Was U.S. government aid intended for refugees misdirected to support the Nicaraguan contras during the time when Congress had cut off official funding of the anti-Sandinista rebels? A private relief agency's report, kept under wraps for two years, suggests that this was the case.

Our reporter Lisa Sylvester obtained a copy of the eight-page Catholic Relief Services report, written in March 1985 by a CRS field worker who had visited refugee camps in the Honduran-Nicaraguan border area. It offers further evidence to support the stories we reported then about how humanitarian aid funds were helping the contras. CRS had no role in the distribution of the funds, but was on an observation mission in the area.

The Catholic Relief report was critical of the handling of $7.5 million in Agency for International Development funds, most of which ended up in refugee camps operated by ultraconservative groups working with the contras. In fact, the report charges, much of the AID money could be traced directly to contra groups based in the area near the camps.

After two years, memories differ over the Catholic Relief report and the stir it caused in Foggy Bottom.

A congressional staffer familiar with the report said it had been ''a great headache'' for Catholic Relief Services director Lawrence Pezzullo. The storm abated, the congressional aide recalled, when Pezzullo assured AID officials that the report did not reflect Catholic Relief's official position.

When asked about this, Pezzullo said he wasn't aware that the 1985 report had prompted any grumbling at AID. He said our inquiry was the first he has ever had on the report. When asked whether Catholic Relief and AID had exchanged letters about the report or its contents, Pezzullo said he couldn't remember.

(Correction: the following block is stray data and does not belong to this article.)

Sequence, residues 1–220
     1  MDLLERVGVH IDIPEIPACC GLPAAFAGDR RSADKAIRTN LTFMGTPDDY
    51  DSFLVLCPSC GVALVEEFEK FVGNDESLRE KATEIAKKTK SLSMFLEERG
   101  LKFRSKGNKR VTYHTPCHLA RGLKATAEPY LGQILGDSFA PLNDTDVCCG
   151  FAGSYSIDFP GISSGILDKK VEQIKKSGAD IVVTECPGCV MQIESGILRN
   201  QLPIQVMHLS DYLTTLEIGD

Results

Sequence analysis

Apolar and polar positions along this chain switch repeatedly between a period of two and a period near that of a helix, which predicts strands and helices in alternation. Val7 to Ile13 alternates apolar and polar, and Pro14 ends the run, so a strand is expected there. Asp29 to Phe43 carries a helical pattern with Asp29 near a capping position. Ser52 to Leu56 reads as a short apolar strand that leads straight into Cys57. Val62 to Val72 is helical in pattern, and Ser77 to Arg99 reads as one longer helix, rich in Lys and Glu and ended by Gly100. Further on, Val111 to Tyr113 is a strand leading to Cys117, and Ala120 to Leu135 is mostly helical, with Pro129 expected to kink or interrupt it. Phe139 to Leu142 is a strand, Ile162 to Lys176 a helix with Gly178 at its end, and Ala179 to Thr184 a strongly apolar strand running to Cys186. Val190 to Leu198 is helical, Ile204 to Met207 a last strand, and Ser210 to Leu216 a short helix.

Peter Shiras, the Catholic Relief employee who wrote the 1985 report, would say for the record only what his boss, Pezzullo, had stated about the report: ''It was an internal memo which in no way represents the official position of the Catholic Relief Services.''

It's understandable why Catholic Relief would be reluctant to stir up a ruckus with the Agency for International Development. AID gives Catholic Relief more commodities and other support than it gives any other private relief agency, according to an AID spokesman.

The controversy over refugee relief may have stemmed from the mysterious disparity between AID funds for Nicaraguan refugees and those provided by World Relief and the United Nations. The U.S. government's $7.5 million was specifically targeted to about 3,000 to 5,000 refugees in Honduras close to the Nicaraguan border; World Relief/United Nations had only $4 million to take care of some 17,000 refugees in camps farther away from the border.

Adding to suspicions that the AID money may have been intended for the contras, who were in the border area, was the fact that the bill authorizing the $7.5 million prohibited U.S. government funds from being administered by any U.N. agency.

Noting this, the Catholic Relief report added: ''In a letter to AID director Peter McPherson, Sen. Denton of Alabama clarified that this restriction also applied to World Relief. The explanation given for these restrictions by AID, World Relief and U.N. officials is that World Relief and (the U.N. refugee commission) are not sufficiently supportive of the contras.'' Former Sen. Jeremiah Denton co-sponsored the humanitarian aid legislation.

Asked about this, AID responded with another prepared statement that said: ''A confidential cable from U.S. AID, Honduras, dated April 17, 1985, states that no evidence exists of any AID official ever making such statements. It is a matter of record, however, that the Miskito Indians had consistently voiced their discontent with the U.N. and World Relief program.''

The Catholic Relief report acknowledged that World Relief cut back on its aid as the refugees' agricultural production rose, which may have led some Indians to head for the border area, where more assistance was available. ''In this sense the border assistance program {was} undermining'' the World Relief/U.N. program, the report points out.

In addition, the report notes, some refugees complained that they had been lied to about the aid available in the border region. They ''had really received very little,'' the report states. Where had the assistance gone?